Car carrier

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Vinsen cancels trip to work on crisis

David Vinsen, chief executive officer of VIA (Imported Motor Vehicle Industry Association) has decided to cancel his long planned motor cycling holiday in Australia to return to New Zealand to assist in resolving the industry crisis surrounding the Brown Marmorated Stink Bug (BMSB) infestations in pure car carriers arriving from Japan. 

In a phone call to Autofile last night Vinsen explained that the issue was sufficiently serious that he would be cancelling his planned trip and return home. 

“I believe the industry needs to call on all of our resources to work through this issue as quickly as possible, VIA will provide the leadership necessary to coordinate all efforts required to resolve this matter as quickly as possible,” says Vinsen. 

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Company urges call to action

Ministry of Primary Industries (MPI) officials met with industry representatives yesterday in an effort to explore ways of finding a solution to the Brown Marmorated Stink Bug (BMSB) issue that is currently affecting imports of vehicles to New Zealand.
Immediately following the meeting, Jacanna Customs and Freight issued an email to clients and interested parties in the automotive industry in an effort to find a suitable resolution.

“There is still no solution for the current vessels but all parties are working hard to find a way a forward.

“The only viable product that MPI recognises (apart from heat treatment which cannot be done for this volume of cars) will eliminate the Brown Marmorated Stink Bug is to fumigate with Sulfuryl Fluoride. The issue is that this product cannot be used in New Zealand territory and needs to be imported.

“Australia will not allow the vessels to berth to have the treatment carried out and the fumigation companies are weary of doing the fumigation at sea.

“The best option is for the MPI to allow Sulfuryl Fluoride to be used under emergency situation in New Zealand ports. MPI have already put this in front of the Minister but more pressure needs to be applied for a quick response. If we leave the process to play out it could take weeks.

“We believe that a way forward is for you and everyone that you know to contact your local MP and tell them the hardship that this situation will have on you and your business and all your associated businesses like compliance centres, paint shops etc …. get them to contact their MPs as well.

“The more pressure that can be put on Government to ratify Sulfuryl Fluoride the sooner it can be used and the sooner you will be able to get your vehicles. Please contact your local MP today!”  

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What are stink bugs?

The brown marmorated stink bug (BMSB) and the yellow spotted stink bug (YSSB) has spread to the United States and Europe from Asia. However, the stink bugs have not established in New Zealand.

The Ministry of Primary Industries have caught the pest at the border many times, hitchhiking on passengers and in imported goods such as vehicles and machinery.

 What is the risk?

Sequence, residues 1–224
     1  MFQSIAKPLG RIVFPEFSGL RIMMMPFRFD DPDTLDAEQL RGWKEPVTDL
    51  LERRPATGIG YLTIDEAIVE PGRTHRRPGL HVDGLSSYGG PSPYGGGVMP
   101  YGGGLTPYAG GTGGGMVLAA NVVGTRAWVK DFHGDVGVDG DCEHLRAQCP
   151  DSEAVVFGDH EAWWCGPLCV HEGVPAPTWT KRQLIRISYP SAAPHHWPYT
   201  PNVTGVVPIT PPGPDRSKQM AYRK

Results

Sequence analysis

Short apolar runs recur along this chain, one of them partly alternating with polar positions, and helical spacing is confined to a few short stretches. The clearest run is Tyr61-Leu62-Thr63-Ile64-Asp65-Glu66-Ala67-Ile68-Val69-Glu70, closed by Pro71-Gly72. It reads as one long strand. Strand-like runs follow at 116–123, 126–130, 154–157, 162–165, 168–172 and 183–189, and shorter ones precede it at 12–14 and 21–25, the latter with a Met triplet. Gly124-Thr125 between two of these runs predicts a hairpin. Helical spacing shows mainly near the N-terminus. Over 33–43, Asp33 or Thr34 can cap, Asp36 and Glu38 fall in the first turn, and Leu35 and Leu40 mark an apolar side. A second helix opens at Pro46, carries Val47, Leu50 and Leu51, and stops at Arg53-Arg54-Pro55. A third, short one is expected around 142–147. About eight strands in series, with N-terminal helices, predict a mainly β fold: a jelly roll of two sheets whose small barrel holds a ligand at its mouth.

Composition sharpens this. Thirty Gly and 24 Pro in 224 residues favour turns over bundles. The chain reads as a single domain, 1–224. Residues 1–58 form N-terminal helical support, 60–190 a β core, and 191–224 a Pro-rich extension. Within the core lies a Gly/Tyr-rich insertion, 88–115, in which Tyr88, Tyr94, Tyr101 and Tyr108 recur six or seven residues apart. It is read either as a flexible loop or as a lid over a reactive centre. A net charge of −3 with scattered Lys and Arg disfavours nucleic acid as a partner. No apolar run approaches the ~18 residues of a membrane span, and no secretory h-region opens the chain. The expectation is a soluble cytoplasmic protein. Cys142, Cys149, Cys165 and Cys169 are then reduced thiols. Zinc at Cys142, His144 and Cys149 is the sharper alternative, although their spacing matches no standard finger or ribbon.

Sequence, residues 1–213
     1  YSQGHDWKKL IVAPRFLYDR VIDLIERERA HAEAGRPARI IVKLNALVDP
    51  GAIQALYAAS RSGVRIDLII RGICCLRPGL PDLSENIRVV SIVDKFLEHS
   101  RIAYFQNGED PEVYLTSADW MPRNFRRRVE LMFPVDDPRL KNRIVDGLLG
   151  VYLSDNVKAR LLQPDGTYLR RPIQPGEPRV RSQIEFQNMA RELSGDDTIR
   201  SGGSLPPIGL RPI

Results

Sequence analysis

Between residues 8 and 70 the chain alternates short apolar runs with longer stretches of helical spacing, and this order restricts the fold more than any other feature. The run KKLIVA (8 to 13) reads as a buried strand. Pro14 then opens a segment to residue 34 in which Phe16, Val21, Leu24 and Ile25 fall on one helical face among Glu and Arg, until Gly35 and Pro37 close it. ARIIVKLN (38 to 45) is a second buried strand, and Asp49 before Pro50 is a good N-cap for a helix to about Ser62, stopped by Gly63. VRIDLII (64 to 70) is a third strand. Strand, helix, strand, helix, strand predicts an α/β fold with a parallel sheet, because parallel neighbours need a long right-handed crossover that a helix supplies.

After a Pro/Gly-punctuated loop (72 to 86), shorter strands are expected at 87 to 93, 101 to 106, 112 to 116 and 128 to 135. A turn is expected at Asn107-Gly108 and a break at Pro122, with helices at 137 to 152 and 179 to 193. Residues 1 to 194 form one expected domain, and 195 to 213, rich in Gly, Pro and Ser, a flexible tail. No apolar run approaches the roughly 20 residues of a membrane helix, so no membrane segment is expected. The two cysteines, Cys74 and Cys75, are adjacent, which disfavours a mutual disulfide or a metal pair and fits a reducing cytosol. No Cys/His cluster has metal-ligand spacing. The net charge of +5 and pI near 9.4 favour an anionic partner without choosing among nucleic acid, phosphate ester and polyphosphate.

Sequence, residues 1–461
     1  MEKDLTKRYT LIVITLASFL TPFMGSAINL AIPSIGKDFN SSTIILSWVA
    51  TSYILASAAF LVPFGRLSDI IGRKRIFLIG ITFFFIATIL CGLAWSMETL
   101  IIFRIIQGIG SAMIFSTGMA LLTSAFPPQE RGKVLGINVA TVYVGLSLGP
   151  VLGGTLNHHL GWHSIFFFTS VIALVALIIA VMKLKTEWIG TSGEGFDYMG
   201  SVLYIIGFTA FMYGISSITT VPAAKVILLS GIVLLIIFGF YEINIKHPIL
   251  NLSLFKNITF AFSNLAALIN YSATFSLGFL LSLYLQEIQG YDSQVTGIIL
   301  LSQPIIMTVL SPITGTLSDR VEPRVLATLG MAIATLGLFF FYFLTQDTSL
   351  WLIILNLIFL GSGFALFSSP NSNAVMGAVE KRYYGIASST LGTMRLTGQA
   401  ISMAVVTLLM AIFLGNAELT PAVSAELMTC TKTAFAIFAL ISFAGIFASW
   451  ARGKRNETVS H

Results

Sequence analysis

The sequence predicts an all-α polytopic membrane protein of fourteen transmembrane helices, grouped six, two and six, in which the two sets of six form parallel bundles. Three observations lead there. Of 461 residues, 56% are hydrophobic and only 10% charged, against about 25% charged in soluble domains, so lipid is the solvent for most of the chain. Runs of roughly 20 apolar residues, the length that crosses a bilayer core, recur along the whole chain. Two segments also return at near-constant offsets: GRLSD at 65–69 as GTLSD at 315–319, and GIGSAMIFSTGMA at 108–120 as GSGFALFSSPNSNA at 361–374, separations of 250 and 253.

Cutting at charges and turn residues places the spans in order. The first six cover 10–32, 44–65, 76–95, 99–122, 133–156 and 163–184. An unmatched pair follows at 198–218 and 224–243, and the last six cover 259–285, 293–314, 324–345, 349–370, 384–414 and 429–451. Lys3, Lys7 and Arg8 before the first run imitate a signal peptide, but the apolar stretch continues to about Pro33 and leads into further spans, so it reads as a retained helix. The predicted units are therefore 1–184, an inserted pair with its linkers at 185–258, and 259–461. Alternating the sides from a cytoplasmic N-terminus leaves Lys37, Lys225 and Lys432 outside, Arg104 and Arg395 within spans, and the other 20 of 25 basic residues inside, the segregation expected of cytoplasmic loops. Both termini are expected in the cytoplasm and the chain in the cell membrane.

BMSB and YSSB are agricultural pests found in Asia, notably China, Japan, and Korea; it has aggressively invaded the US and could successfully establish in New Zealand.

How the insect destroys crops:

  • The insect feeds on more than 300 hosts, primarily fruit trees and woody ornamentals but also field crops.
  • A broad range of crops can be attacked including: citrus; pipfruit; stonefruit; berries, grapes, asparagus, soybeans, sweetcorn, honeysuckle, maple, butterfly bush, cypress, hibiscus and roses.
  • Adults generally feed on mature and immature fruit, while nymphs feed on leaves and stems as well as fruit.
  • It severely disfigures fruit and renders it unmarketable, which results in control costs and production losses.

In the US some farmers have reported crop losses of up to 95 per cent. 

BMSB is not a risk to human health but is a public nuisance. When disturbed or crushed it emits a characteristic, unpleasant and long-lasting odour.

 What do they look like?
  • Adults are approximately 1.7 cm long, around a size of a one dollar coin, with a distinctive “shield” shape. 
  • There are currently two types, the brown and the yellow spotted.
  • Underside is white/tan, legs and antennae are brown with white banding.
  • Eggs are barrel shaped, and found in clusters of 20–30 eggs. These eggs are laid on the underside of leaves.


How are the stink bugs currently affecting New Zealand?

The presence of stink bugs onboard four car carriers bound for New Zealand have forced the ships to leave New Zealand waters and await correct fumigation procedures.

Three of the car carriers had already reached New Zealand’s shores with stink bug infestations: Armacup​’s Tokyo Car, Mitsui OSK Line’s Courageous Ace, and the latest being Toyofuji’s Sepang Express.

The fourth, Glovis Caravel, was bound for New Zealand, however the car carrier was redirected on Wednesday after a check conducted at sea found the two types of stink bugs, the YSSB and BMSB.
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Four car carriers turned away due to stink bugs

There are currently four car carriers that have been turned away from New Zealand due to a serious biosecurity risk posed by Brown Marmorated Stink Bugs (BMSB). The car carriers are now awaiting instruction on a suitable fumigation locations.

Another Japanese car carrier turned away 

The Ministry of Primary Industries (MPI) has advised that live Brown Marmorated Stink Bugs (BMSB) have been found on another car carrier vessel loaded with vehicles and machinery from Japan last night.